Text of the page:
Apple-Obsessed Author Fella

Writing Magic

I think writing and storytelling is a kind of magic.

Maybe literally, if you believe in that sort of thing. Like, okay, when I sit down to craft a story I’m suddenly stringing together letters based on utterances which form words which form sentences which form ideas and then I mash a lot of those ideas together and they begin to create a narrative — a narrative that didn’t exist before, a lightning struck the gassy heavens and lit the skies aflame and now it’s raining Frankensteins and unicorns moment.

It’s profound, powerful, weird-ass stuff.

But I used to also feel that this magic was inviolable. Or worse, fragile. Like, this sense that it’s a nervous horse quick to spook. Or that it’s a little bridge made of glass and if you put too much weight on it you’ll hear the crinkly crackle-snap and tumble into an abyss of dead magic.

It’s sometimes used as one of the reasons that people don’t outline — or worse, the reason they don’t like to edit their work. In fact, it’s used as a reason for a lot of things, this magic: the magic of the muse, the curse of writer’s block, the fickle fates of a day’s writing (sorry, just can’t make the words today, for the magic breath of the gods has not been breathed up my nethers and so my pallid flesh will not be animated to action).

I think when magic fuels you: that’s awesome.

But I think when magic hampers you: that’s really sad.

Because the magic isn’t supposed to hamstring you.

It’s supposed to fuel the work, not fuel your excuses.

If you don’t like to outline or do any kind of plotting or planning — more power to you*. But let that be because that’s how your process works, not because the magic spell is so frangible, so untenable, that to merely gaze upon it will cause it to shatter. If your story is so delicate, you’re probably in deep fucking trouble, friend. It’s not a baby rabbit. You can’t scare it to death.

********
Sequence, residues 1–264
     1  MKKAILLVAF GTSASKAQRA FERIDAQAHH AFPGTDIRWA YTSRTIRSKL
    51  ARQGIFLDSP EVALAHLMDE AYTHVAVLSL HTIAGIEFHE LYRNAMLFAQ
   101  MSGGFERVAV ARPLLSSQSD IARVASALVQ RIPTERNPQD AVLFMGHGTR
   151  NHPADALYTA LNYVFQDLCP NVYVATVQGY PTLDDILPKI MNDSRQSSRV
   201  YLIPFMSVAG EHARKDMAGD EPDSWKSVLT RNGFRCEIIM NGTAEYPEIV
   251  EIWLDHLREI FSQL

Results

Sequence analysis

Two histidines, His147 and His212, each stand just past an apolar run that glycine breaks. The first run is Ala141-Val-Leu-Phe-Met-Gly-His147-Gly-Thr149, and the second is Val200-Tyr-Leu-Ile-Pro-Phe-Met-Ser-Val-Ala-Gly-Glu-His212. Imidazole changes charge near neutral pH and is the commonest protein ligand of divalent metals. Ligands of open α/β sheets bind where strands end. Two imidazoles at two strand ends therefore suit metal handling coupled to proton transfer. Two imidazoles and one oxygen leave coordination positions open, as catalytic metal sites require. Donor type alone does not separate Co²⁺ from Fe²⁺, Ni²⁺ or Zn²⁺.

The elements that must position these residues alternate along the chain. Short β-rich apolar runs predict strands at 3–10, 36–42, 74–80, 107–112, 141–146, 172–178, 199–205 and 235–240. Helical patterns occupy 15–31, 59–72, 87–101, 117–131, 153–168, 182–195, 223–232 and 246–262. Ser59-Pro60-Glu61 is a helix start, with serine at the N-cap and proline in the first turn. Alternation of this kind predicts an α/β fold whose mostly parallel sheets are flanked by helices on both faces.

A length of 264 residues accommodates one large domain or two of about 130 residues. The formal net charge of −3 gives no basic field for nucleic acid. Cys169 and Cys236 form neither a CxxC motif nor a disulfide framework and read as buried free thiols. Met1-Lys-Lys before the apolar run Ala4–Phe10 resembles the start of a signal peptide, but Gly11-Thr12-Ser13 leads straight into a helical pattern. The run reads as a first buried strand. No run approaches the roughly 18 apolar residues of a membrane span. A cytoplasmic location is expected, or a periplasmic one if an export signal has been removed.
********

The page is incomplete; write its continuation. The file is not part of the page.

But I think I have a solution for what feels to me like troublesome thinking, and it involves looking at your story as a different kind of magic altogether:

Look at it like a magic trick.

A magic trick isn’t an impromptu thing: you don’t merely get on stage and let the Muse barf inspiration for the trick into your brain-bucket. You conceive of it in a fit of inspiration, like with anything — but then you practice. You know the trick intimately before it’s ever performed on stage: you’re the magician, goddamnit. Of course you know how the trick is performed.

But that doesn’t remove the fun of the trick.

Because the fun of the trick is seeing the audience react.

The fun is in the awe they feel. Their “wow” is more important than your “wow.”

Just because you know the trick doesn’t mean the magic is dead.

(* More seriously, I again want to make it clear that none of this is a condemnation of your process. Some folks outline. Some don’t. Some scry stories in pigeon guts. Whatever makes your grapefruit squirt. The point is wesometimes  rely on this kind of supernatural thinking as an excuse rather than as an empowerment. Which is no good.)